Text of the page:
For a number of years, most national competition authorities (NCAs) have based their national leniency programmes on the ECN Model Leniency Programme (the ECN Model), which had the purpose of “ensur[ing] that potential leniency applicants are not discouraged from applying as a result of the discrepancies between the existing leniency programmes within the ECN”. Despite this, the ECN Model failed to address a number of issues that typically arise in a non-harmonised system of parallel competences – this was demonstrated clearly by the Court of Justice (ECJ)’s preliminary ruling in DHL .
In that case, DHL had received full immunity from the Commission as a subsidiary of Deutsche Post in the March 2012 Freight Forwarding cartel. In parallel to its leniency application to the Commission, DHL had made a summary application for leniency to the Italian Competition Authority (ICA), in line with the ECN Model. Whilst DHL claimed that it should have been granted a marker based on the date and time of its application to the ICA, the ICA considered that DHL’s summary application did not include information regarding road freight forwarding services. As a result, the ICA granted a marker to another applicant that had provided such information, eventually giving this applicant full immunity and DHL only a 50 per cent fi ne reduction.
DHL brought a claim against the ICA in the Italian courts arguing that its summary application should have been considered in conjunction with its Commission leniency application, and that it should have been granted a marker in the Italian leniency process having been the fi rst party to approach the ICA. However, this claim was rejected by the ECJ in a preliminary ruling – specifi cally, the ECJ held that: (i) the ECN Model is not binding on NCAs; and (ii) there was “no legal link” between an immunity application to the Commission and a summary application to an NCA, so as to require such NCA to assess the summary application in light of the Commission application.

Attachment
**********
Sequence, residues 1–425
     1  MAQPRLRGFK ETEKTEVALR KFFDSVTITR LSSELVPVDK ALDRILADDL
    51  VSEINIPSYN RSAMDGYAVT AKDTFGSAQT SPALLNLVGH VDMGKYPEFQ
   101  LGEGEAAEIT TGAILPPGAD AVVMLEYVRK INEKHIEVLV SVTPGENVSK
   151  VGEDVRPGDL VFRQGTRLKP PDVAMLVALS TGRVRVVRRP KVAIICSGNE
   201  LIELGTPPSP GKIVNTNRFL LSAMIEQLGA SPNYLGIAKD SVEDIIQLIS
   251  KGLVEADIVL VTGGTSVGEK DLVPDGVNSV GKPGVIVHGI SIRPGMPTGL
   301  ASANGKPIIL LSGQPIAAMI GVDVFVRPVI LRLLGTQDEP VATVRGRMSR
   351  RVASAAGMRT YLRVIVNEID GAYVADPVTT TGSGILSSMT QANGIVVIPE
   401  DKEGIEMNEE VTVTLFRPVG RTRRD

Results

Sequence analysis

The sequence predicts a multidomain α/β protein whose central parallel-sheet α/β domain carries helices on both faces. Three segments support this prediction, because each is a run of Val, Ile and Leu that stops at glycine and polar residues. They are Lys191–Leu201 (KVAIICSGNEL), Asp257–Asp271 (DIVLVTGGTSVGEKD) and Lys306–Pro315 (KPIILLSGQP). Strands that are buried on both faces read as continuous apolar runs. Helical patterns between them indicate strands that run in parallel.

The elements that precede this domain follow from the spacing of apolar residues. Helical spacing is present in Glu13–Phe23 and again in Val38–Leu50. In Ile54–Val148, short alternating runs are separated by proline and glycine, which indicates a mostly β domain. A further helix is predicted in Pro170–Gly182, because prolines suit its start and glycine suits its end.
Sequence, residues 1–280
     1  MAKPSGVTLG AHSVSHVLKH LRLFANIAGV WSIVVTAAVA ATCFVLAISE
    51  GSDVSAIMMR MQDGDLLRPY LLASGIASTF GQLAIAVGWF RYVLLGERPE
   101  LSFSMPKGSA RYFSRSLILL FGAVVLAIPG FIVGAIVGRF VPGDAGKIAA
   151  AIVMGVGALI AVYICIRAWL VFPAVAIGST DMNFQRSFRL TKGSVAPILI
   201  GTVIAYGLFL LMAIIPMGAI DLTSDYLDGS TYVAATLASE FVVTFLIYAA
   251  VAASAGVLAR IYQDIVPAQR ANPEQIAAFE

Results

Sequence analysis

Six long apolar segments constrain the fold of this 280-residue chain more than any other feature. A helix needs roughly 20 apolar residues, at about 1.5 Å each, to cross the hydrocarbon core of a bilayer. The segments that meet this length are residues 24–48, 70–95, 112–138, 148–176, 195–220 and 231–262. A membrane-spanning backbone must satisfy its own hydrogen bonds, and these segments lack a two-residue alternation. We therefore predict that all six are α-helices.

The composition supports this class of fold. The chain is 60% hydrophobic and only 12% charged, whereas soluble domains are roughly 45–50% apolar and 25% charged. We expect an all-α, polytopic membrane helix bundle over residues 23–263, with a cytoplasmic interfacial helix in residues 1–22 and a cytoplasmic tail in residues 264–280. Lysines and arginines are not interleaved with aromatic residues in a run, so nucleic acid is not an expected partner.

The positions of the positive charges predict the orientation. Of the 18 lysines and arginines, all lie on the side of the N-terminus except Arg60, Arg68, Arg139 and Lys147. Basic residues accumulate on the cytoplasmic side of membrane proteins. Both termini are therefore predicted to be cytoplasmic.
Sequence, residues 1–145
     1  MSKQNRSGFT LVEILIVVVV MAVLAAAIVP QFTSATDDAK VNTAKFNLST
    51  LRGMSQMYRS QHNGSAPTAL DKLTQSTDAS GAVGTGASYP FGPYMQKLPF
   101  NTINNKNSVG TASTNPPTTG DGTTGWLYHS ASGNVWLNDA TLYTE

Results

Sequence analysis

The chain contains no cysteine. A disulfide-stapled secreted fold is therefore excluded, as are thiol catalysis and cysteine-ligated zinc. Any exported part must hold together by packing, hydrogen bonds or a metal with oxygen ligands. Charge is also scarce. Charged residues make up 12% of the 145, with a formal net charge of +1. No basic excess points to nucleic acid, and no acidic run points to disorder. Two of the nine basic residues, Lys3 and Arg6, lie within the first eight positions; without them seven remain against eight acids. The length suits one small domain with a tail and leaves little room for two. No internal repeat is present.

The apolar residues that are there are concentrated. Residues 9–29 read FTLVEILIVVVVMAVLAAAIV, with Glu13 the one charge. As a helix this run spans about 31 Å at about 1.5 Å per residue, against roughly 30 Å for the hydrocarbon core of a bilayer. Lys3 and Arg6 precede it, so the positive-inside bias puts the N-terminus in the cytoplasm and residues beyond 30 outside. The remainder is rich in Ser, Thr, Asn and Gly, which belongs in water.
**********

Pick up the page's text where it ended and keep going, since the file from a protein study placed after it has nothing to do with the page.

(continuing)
The now fi nalised ECN+ Directive (for which the transposition deadline is 4 February 2021) goes some way to addressing the issues raised in DHL , by seeking to harmonise leniency applicant protections and strengthen NCAs’ enforcement powers. Although the Directive falls short of a “one-stop shop”, it nonetheless introduces some notable improvements on the ECN Model which may allow for a harmonisation of leniency applications across the EU in future (and in turn potentially encourage more leniency applications). This includes obligations on member states to ensure NCAs: (i) allow parties to apply for markers in leniency applications; (ii) accept summary applications from applicants who have also applied to the Commission for leniency, with such applications becoming full applications from their original date of fi ling in the event that the Commission decides not to pursue the investigation; and (iii) protect current and former directors of applicants for immunity from individual civil or criminal sanction (provided such individuals actively co-operate with the investigation).
The future of leniency
Despite these challenges, the traditional incentives for leniency still apply – the possibility for immunity or signifi cant fi ne reductions and a mitigation of reputational damage. Leniency programmes may therefore remain a key feature of the antitrust enforcement landscape in future. However, although all parties received leniency-based fi ne reductions in the Commission’s last three cartel decisions,4 the Commission reported in April 2020 that “over 25 per cent of [its] currently open cartel investigations have started ex offi cio”.5 This alone may evidence the long reported decay in leniency applications.
Therefore, antitrust enforcers should not be complacent as to the appeal of leniency programmes – former directorgeneral of DG COMP Johannes Laitenberger, for instance, suggested that the link between private damages actions and reduced leniency applications is “purely speculative”.6 The reality of the situation and statistics outlined above speak for themselves – antitrust enforcers should at least be concerned by the changing perception of leniency and how this may infl uence companies’ decisions on whether or not to apply for leniency in future.